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pictures, information, insight you won't find anywhere else. "cnn newsroom" with tony harris. talk show host and entrepreneur tom joyner launching a business promoting higher education among african-americans. hbcus online a support system for african-americans to enroll at colleges and universities. tom joyner live from dallas is the king of all media. someone else claims that title, but, tom, good to see you. how are you, sir? >> doing good. how are you doing, t. harris? >> rockin' it! what are you responding to with this offering? is it what some described as an exodus of african-american students to online colleges like the university of phoenix? what's the rationale for this project? >> okay. well, i started with this idea probably about seven years ago.
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remember when morris brown right there in atlanta -- >> absolutely. >> that's when i came up with the idea. >> yeah. >> right, right. my idea at the time was to buy morris brown, take it out of debt, put it for-prompt and online and then return it to the church after about 20, 25 years. but the church didn't actually see it that way. so we -- i said, because it was very evident then that although enrollment at historically black colleges had been dropping each year, african-americans have not stopped trying to get a higher education. more and more everyone recognizes that in order to get somewhere in this life, in this economy, you have to have a degree. >> yes. >> so the university of phoenix has been going strong for a long, long time, and not just the university of phoenix, but, you know, there's kaplan, the other, but by far the number one is the university of phoenix.
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did you know they have over half a million students? >> i did not. >> half a million students. >> wow. >> and almost one-third of those half a million students are african-americans. mostly 25 years and older. so the market was right there. >> yes. sounds like it. is it that students, you mentioned that so many are leaving the brick and mortar universities. is it that students today need more of an education that fits their lives better? >> right. i mean, gone are the days, tony when, you know, you get out of high school. you choose a college. you go away to school for four years. you might do some grad work, and then you get into the workforce and everything is lovely. that just doesn't happen. most people, if they finish, they have to piece their degrees together. >> uh-huh. >> and historically black colleges have always been known, from their inception, to take a student, care for them, nurture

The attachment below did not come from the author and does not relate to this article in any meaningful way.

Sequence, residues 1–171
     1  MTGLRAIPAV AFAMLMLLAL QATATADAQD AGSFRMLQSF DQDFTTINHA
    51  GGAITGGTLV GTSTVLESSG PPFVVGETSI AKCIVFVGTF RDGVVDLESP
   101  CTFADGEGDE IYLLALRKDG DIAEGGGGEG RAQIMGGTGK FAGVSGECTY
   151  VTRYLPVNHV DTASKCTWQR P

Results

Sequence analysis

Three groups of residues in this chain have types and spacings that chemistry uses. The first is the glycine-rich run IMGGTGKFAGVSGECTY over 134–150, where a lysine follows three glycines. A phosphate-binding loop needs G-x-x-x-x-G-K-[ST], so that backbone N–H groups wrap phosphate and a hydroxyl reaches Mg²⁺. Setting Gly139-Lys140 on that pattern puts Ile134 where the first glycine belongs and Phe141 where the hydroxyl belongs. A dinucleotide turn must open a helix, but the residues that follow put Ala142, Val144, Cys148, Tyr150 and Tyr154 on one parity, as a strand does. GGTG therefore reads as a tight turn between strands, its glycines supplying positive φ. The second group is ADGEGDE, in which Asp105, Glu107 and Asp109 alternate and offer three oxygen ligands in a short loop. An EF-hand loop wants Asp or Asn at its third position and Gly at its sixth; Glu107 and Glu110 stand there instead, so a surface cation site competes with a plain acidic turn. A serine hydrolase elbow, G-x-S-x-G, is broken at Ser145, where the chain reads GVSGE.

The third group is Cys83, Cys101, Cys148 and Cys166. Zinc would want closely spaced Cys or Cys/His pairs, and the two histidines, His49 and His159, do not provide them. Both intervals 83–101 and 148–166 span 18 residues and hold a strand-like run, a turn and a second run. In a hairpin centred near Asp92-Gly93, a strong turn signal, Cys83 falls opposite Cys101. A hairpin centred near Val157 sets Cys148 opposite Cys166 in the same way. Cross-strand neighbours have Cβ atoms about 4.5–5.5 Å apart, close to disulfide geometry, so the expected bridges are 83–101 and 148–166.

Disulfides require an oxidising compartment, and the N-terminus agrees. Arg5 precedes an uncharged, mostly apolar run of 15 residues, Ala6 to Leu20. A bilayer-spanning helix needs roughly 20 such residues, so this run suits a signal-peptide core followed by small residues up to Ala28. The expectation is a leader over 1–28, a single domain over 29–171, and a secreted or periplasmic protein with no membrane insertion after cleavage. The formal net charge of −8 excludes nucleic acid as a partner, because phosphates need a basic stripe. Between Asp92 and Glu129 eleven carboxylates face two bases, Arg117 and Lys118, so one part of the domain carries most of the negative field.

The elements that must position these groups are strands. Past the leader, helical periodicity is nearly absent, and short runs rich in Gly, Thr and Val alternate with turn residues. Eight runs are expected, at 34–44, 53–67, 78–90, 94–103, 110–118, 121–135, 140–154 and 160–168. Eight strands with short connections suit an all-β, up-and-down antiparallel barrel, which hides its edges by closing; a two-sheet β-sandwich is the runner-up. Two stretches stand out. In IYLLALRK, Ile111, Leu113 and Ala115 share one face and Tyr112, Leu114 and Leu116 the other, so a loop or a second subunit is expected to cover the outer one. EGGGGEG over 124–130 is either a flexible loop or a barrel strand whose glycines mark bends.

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them, you know, make it so that they are equipped for success in this world. >> yes. >> and that's what we're doing with hbcu's online dotcom. if you're thinking about getting an education, if you're thinking about getting a degree and thinking about online, think about getting it from a black college. when you go a black college, and you will be a student at one of our colleges, we have two colleges right now, hampton and texas sub. there are 105 historically black colleges in existence and we're not going to stop until we help all of them, but when you register with us, you become a student of that college. you become a pirate of hampton university. you become a tiger of texas sub and you become that student, and you know like i know, when you find somebody who graduated from an hbcu, it's a different kind of confidence, a different kind of swagger, a different kind of
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leadership, a spirit of success just goes with them, that they were inbread when they went to this historically black college. so we're going to do that virtually. >> right. so if the students don't have the time to attend the traditional classes and the brick and mortar university, why would they have time to participate in an online hbcu experience as great as that might be? because that hbcu experience is about that community that you just described. isn't it? >> and we're going re-create that community, too. we'll even have -- you know, in every black college campus, tony, there's a place where all the students gather called the yard. >>ed yard. yes. >> and we have that on our website. we re-created the yard. re-created the student union. the social networking and we have advocates who will, unlike other online universities, we